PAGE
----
• Distributes services layer defines DTO’s used by TaskController

versioning-domain

Read the rest of this entry »

Written by vsukhachev

December 12, 2016 at 10:37 am

Posted in Development

Tagged with

OAuth 2 flows: Client flow

leave a comment »

Client flow is used solely for machine to machine communication, i.e. no Resource Owner involved. Client sends client_id and secret to Authorization Server and then receives access_token and refresh_token.

Client.png

This type of flow is usually used when Web application needs to access Web API.

Written by vsukhachev

December 3, 2015 at 2:51 am

Posted in Development

Tagged with

OAuth 2 flows: Resource Owner Credentials flow

leave a comment »

This type of flow is used when Resource Owner trusts the Client. Client might be mobile application, desktop application or browser application communicating with Web server. Device where Client is installed is trusted as well so user name and password can be stored on this device. In this flow Resource Owner enters user name and password in the UI provided by Client. Then Client sends POST request to Authorization server. The request contains entered user name and password.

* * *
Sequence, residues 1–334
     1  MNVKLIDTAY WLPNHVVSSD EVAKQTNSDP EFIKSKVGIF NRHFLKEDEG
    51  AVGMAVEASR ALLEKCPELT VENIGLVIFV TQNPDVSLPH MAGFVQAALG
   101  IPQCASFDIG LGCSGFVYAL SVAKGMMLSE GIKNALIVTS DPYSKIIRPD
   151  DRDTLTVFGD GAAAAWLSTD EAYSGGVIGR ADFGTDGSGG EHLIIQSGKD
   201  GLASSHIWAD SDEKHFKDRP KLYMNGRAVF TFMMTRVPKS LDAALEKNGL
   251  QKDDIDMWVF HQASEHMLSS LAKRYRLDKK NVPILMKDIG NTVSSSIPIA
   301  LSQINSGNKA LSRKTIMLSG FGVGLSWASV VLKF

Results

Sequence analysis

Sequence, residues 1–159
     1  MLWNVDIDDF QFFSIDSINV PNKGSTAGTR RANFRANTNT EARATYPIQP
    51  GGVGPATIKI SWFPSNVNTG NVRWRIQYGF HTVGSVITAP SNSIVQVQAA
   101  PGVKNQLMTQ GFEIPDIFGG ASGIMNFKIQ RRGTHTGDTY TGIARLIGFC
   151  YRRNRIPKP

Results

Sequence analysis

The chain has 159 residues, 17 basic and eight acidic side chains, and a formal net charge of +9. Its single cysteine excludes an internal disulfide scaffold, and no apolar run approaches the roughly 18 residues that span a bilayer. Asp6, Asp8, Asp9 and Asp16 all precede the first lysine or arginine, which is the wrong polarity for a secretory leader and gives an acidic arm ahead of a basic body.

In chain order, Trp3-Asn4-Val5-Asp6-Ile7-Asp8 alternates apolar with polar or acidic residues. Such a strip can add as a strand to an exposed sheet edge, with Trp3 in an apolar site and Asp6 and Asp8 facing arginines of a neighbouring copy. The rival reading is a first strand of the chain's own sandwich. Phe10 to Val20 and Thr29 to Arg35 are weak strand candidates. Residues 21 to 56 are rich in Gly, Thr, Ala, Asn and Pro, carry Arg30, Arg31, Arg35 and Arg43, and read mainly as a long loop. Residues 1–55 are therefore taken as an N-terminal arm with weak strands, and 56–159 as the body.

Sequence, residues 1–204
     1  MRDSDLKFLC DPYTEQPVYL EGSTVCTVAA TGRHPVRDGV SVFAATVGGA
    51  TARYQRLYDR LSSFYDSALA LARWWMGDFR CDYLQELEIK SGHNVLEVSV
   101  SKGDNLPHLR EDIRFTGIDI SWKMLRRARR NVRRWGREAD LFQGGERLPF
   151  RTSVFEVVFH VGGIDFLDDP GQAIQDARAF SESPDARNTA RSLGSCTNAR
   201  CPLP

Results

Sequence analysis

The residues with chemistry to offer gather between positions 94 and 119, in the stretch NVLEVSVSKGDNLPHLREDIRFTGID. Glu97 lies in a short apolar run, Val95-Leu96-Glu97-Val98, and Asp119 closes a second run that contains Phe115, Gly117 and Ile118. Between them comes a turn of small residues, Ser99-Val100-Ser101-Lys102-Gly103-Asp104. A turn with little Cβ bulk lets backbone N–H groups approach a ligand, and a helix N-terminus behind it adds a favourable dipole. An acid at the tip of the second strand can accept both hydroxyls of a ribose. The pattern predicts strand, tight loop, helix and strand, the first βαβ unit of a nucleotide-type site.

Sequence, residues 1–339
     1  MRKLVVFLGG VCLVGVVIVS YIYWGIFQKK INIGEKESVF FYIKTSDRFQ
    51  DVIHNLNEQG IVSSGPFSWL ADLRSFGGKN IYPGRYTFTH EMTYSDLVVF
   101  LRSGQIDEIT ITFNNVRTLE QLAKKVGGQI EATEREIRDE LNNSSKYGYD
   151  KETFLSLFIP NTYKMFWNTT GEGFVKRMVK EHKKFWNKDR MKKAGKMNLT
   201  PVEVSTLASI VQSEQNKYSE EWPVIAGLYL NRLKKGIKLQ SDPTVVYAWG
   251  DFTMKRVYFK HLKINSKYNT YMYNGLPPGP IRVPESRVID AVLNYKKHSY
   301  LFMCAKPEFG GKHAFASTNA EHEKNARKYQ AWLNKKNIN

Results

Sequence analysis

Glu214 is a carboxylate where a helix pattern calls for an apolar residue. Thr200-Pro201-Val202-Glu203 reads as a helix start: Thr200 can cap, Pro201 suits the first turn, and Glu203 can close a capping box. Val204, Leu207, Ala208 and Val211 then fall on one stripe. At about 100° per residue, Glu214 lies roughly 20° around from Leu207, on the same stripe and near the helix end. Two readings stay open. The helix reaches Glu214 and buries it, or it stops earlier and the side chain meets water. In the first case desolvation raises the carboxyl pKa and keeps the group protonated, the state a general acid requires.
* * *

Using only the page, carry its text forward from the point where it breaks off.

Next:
Resource Owner Credentials Flow-1

Authorization Server responds with access_token and refresh_token.

Resource Owner Credentials Flow-2

access_token is included in each request that Client sends to Resource Server.

Resource Owner Credentials Flow-3

When access_token is expired Client can repeat this procedure, i.e. send user name and password and collect new access token or it can use refresh_token. Ideally Client should not store user credentials. Instead it should ask for user credentials once, collect refresh_token and then use it forever to obtain new refresh_token. access_token and refresh_token might be stored on a device.

Written by vsukhachev

December 3, 2015 at 2:51 am

Posted in Development